The Utah group provides primary and secondary analysis with the GrISU analyis package. To view our most recent results go to the internal wiki page.
Construction and Calibration
Apart from building telescope electronics and hardware, we also run simulations to find out how the telescope will respond under different circumstances. Extensive work has been done to simulate showers generated by various charged particles and gammarays in order to accurately distinguish the images of the two types as seen in the telescope camera. Also, sky glow and cosmic ray backgrounds have been simulated to test the effectiveness of the triggering systems.
A calibrated laser pulse propagating through the atmosphere produces a flash of
Rayleigh scattered light with an intensity that can be calculated precisely when
atmospheric conditions are good. This is originally developed for the absolute
calibration of ultra high energy cosmic ray flurorescence telescopes and we have
implemented it to our own absolution calibration system for Imaging Atmospheric
We mounted a nitrogen laser onto a movable rack that can be taken down the road to various distances away from the telescopes. Rayleight scattering simulation program is written by Nathan Shepherd, who also built the road laser prototype. We record the atmospheric conditions of the night road laser data is taken and use them as parameters for the simulation. We then compare how well the data matches the simulation to determine how well the telescopes are operating compare to their specifications.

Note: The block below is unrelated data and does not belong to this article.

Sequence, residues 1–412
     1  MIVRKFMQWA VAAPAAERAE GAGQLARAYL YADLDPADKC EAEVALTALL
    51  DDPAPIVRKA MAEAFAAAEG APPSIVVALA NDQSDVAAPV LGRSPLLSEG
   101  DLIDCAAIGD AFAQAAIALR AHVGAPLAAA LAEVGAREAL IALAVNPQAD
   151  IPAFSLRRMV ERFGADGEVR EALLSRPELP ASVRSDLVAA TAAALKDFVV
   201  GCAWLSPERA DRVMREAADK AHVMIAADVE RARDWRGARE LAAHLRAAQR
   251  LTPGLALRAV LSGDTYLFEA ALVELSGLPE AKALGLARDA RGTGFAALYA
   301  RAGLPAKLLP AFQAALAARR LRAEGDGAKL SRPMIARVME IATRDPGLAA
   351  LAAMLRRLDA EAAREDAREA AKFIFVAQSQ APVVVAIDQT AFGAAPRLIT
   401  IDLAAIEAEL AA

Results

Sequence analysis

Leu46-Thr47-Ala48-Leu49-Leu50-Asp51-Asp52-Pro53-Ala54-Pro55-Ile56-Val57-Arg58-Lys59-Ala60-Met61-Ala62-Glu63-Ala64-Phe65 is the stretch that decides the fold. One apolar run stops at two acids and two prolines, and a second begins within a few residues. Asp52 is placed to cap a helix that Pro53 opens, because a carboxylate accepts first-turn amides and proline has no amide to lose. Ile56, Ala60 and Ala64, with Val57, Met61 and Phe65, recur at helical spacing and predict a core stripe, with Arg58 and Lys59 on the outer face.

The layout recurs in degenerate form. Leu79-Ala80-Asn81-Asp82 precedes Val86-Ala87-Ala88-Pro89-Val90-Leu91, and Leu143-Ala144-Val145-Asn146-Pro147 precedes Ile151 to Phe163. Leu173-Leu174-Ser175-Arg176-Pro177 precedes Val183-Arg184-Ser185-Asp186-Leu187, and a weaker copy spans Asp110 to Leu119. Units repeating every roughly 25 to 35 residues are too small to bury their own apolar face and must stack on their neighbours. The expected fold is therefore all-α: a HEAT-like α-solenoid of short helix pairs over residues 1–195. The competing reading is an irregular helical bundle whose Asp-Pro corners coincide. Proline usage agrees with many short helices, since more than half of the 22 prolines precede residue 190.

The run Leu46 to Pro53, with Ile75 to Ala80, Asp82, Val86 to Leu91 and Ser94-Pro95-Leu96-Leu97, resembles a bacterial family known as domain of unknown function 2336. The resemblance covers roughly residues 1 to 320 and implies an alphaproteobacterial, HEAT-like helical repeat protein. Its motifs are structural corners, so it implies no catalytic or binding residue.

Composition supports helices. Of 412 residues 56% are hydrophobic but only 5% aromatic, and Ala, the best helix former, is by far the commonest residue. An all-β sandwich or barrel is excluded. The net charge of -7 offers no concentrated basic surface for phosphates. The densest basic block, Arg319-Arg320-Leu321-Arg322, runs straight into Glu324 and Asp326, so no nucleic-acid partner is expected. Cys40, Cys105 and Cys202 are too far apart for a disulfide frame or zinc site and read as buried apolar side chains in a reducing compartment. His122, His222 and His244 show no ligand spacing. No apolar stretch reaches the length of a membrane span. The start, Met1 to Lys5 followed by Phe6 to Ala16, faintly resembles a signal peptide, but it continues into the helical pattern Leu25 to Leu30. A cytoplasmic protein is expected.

N.Shepherd et al, Absolute calibration of imaging atmospheric Cherenkov telescopes, 29th ICRC Pune (2005) 00,101-106
The VERITAS Telescope uses state of the art electronics to determine which signals are considered noise, and which are significant. At the heart of the triggering system is the Constant Fraction Descriminator (CFD). The CFD does not simply evaluate a signals height, but also evaluates the pulse width at a certain fraction of the height. This alows signals with low pulse heights compared to the night-sky background to be passed to the level two trigger.
The analog signals produced by the PMT's travel down the telescope arms, the mount, and to the electronics shed via RG-59 coaxial cable. Each telescope has one cable per PMT, so that means there is a lot of cabling to do. Not only do we measure and put connectors on each 150 foot cable, but we also test them to make sure that they have the same signal delay time. Along with testing the cables, we also have designed and implemented cable strain relief devices. These devices, found mostly in the telescope base, are designed to limit the amount of tension and twisting in the cables. To the right is a picture of a recorded wave form from on of the test cables and a photo of one of the cable strain relief systems in the telescope base.